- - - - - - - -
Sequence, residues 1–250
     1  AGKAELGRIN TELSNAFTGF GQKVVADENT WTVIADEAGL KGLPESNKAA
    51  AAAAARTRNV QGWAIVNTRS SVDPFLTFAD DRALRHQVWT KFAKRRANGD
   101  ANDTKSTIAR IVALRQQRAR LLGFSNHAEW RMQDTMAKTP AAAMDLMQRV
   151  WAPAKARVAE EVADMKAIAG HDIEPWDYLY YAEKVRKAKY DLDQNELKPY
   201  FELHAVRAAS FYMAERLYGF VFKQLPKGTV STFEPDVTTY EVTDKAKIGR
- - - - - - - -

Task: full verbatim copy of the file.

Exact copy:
Sequence, residues 1–250
     1  AGKAELGRIN TELSNAFTGF GQKVVADENT WTVIADEAGL KGLPESNKAA
    51  AAAAARTRNV QGWAIVNTRS SVDPFLTFAD DRALRHQVWT KFAKRRANGD
   101  ANDTKSTIAR IVALRQQRAR LLGFSNHAEW RMQDTMAKTP AAAMDLMQRV
   151  WAPAKARVAE EVADMKAIAG HDIEPWDYLY YAEKVRKAKY DLDQNELKPY
   201  FELHAVRAAS FYMAERLYGF VFKQLPKGTV STFEPDVTTY EVTDKAKIGR